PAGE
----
It will also be key for Davis' future.

TROUBLE AT THE TOP

Glencore's all-share bid for Xstrata, a deal that would have tied up the miner with its largest shareholder to create a mining and trading powerhouse, is only the latest of a number of attempts over a decade. But with Glencore listed since last year, it is also the most public.

It has put Glencore in the spotlight, but even more so Xstrata, Davis and his non-executive directors - running a miner with a longer track record as a public company.

Sources involved in the deal, analysts and shareholders are divided on their views on what the future holds for Davis.

The former accountant is expected to seek to revive his reputation with shareholders as a steady operator who led the transformation of a collection of zinc and ferrochrome assets worth some $500 million into what is now Xstrata.

An intense, softly-spoken man, Davis will have to win back investors bruised by the board's decision to back a deal on terms many saw as unfavorable, and by retention packages for its top managers seen to be excessive. His own package was for $46 million over three years.

Xstrata shares traded at a premium to the sector after the planned merger was announced in February, but that premium has eroded as its prospects faded. The shares are currently trading around 947 pence, down over 26 percent from February highs.

"If the deal doesn't happen, you could see the...price drop by 10 percent or more on the day, because of the uncertainty about Mick Davis. He's clearly been the main driver behind a deal that has alienated the majority of his investors," one mid-size Xstrata investor predicted.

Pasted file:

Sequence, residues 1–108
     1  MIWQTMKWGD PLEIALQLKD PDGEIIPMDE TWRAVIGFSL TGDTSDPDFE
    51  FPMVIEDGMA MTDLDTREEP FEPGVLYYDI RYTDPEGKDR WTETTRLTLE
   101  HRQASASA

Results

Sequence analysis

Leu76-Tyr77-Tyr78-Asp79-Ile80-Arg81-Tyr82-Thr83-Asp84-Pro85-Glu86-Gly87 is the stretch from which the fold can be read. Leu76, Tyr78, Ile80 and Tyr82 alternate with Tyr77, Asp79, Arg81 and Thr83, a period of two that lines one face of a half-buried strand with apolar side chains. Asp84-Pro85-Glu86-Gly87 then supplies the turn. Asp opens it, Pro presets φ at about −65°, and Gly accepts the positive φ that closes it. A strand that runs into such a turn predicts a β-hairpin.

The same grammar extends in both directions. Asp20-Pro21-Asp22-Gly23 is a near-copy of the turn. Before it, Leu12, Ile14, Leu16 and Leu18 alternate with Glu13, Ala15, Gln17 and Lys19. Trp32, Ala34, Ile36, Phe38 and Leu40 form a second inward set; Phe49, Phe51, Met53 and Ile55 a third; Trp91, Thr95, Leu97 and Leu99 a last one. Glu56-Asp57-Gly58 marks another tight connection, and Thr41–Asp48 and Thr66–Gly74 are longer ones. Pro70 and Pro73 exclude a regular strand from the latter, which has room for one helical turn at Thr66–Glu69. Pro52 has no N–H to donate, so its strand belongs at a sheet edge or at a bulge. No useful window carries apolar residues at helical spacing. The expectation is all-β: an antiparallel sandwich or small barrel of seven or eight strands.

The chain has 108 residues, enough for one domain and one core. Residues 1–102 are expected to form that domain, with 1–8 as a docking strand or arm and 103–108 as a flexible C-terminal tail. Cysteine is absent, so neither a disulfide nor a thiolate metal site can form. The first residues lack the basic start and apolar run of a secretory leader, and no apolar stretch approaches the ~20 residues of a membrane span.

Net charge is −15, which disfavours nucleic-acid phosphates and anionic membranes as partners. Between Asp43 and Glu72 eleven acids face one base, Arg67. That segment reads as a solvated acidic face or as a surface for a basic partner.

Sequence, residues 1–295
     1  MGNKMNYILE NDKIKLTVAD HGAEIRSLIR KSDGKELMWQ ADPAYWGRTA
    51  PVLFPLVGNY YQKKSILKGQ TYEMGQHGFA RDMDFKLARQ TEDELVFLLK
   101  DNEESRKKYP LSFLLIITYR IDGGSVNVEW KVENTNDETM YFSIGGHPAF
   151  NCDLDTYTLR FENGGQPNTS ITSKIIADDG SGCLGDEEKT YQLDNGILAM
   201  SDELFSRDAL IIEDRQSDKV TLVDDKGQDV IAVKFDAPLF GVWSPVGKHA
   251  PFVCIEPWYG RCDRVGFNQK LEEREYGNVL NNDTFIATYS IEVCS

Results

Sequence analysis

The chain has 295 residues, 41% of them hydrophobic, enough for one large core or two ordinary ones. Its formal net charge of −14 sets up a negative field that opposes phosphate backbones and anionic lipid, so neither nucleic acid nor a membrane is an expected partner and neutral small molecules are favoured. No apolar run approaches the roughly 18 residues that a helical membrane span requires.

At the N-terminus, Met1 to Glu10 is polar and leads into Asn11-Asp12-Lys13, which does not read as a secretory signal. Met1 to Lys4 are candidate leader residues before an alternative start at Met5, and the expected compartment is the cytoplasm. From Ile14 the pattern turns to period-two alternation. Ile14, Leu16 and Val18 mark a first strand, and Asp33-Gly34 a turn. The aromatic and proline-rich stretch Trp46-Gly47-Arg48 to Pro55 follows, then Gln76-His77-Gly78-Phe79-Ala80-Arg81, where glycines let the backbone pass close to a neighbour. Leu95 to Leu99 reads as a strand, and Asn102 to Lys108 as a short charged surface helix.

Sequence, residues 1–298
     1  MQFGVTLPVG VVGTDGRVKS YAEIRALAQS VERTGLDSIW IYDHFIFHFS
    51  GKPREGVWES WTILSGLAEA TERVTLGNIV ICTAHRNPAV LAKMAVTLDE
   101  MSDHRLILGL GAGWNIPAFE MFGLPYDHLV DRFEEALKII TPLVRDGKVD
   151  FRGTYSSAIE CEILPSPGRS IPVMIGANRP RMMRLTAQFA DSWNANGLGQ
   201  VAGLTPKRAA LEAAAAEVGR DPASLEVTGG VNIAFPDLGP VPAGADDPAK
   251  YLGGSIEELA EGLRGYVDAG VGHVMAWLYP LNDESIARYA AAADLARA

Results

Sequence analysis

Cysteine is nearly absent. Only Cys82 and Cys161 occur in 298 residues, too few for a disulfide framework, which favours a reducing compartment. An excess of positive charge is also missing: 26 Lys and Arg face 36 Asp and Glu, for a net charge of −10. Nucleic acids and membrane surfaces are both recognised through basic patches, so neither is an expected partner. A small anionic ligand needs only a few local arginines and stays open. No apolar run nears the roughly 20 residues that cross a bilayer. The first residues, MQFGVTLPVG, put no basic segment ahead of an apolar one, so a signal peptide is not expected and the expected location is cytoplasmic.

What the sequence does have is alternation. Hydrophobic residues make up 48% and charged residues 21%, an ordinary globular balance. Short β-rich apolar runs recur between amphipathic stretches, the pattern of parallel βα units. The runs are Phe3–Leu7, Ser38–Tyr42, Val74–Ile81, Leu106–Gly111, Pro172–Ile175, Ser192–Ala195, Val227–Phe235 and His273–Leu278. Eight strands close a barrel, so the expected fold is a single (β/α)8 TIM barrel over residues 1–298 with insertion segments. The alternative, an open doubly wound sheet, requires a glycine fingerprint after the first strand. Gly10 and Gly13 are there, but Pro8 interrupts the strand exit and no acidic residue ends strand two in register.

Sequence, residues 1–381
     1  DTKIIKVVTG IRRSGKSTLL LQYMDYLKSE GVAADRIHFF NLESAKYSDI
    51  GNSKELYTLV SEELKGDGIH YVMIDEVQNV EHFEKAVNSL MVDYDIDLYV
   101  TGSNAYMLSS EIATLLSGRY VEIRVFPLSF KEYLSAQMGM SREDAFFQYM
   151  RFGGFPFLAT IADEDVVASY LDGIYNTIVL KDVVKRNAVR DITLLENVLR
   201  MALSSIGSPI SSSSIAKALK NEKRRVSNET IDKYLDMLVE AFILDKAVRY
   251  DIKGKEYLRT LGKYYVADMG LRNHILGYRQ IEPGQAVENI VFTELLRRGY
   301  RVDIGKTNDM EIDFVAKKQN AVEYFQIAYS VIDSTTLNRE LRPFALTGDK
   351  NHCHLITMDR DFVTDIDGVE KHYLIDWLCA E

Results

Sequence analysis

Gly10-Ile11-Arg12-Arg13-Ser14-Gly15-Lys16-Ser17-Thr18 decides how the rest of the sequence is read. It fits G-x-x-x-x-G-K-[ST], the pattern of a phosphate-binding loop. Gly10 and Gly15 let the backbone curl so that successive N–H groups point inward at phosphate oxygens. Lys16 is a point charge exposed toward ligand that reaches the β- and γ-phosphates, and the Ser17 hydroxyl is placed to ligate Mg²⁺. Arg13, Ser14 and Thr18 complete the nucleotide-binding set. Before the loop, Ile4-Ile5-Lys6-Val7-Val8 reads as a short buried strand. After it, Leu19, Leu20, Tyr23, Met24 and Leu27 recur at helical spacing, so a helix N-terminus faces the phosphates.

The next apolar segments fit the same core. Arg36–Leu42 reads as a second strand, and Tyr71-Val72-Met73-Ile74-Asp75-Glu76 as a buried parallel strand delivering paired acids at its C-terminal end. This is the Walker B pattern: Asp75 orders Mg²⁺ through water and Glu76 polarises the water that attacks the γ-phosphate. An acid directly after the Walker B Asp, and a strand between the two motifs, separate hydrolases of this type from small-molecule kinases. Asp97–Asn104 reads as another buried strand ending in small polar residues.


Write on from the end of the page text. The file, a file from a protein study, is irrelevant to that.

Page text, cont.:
Others, arguing Davis has been supported by Qatar, point instead to the axe swinging for Xstrata's non-executives and its chairman, City veteran John Bond, for agreeing to the bid.

"This is a high-profile deal that has got very emotional at times - people need to calm down," said one source involved in negotiations. "It is a tough market out there."

PLATINUM TEST

Davis is known as a dealmaker - an "M&A monster", in the words of one source - who has built Xstrata through deals like miner Falconbridge in 2006.

But Lonmin, which could ask shareholders including Xstrata to contribute $1.25 billion or more to pull back from the brink, is a reminder of less successful efforts.

It could also be the test of how Qatar, and indeed Glencore, will behave. Glencore backed the original bid for Lonmin in 2008, and the decision to take a stake with the aim of returning later - but it has since made no secret of its lack of appetite for metals like platinum.

"It will be the first test of the new order of things," said one industry banker. "It's a tough one. In the end it might not be a lot of money, so Glencore might not care."

Most analysts expect Xstrata, which took a writedown on its stake last month, to pay up to help Lonmin put itself back on track. But it will also, they say, accelerate its exit strategy.

(Additional reporting by Sinead Cruise; editing by Philippa Fletcher)